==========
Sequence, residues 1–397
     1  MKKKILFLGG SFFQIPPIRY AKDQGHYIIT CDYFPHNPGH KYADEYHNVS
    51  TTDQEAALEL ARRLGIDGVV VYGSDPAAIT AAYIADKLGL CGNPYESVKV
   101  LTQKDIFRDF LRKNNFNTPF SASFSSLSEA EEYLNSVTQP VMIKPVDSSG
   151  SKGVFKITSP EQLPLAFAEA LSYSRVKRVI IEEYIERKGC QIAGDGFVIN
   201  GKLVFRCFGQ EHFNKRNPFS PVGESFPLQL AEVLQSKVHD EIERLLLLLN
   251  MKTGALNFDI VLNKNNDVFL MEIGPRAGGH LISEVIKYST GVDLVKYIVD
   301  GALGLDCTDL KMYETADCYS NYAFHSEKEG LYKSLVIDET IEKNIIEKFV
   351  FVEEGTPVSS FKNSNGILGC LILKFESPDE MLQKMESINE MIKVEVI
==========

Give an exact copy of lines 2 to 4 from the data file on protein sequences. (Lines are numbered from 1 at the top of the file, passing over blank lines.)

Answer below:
     1  MKKKILFLGG SFFQIPPIRY AKDQGHYIIT CDYFPHNPGH KYADEYHNVS
    51  TTDQEAALEL ARRLGIDGVV VYGSDPAAIT AAYIADKLGL CGNPYESVKV
   101  LTQKDIFRDF LRKNNFNTPF SASFSSLSEA EEYLNSVTQP VMIKPVDSSG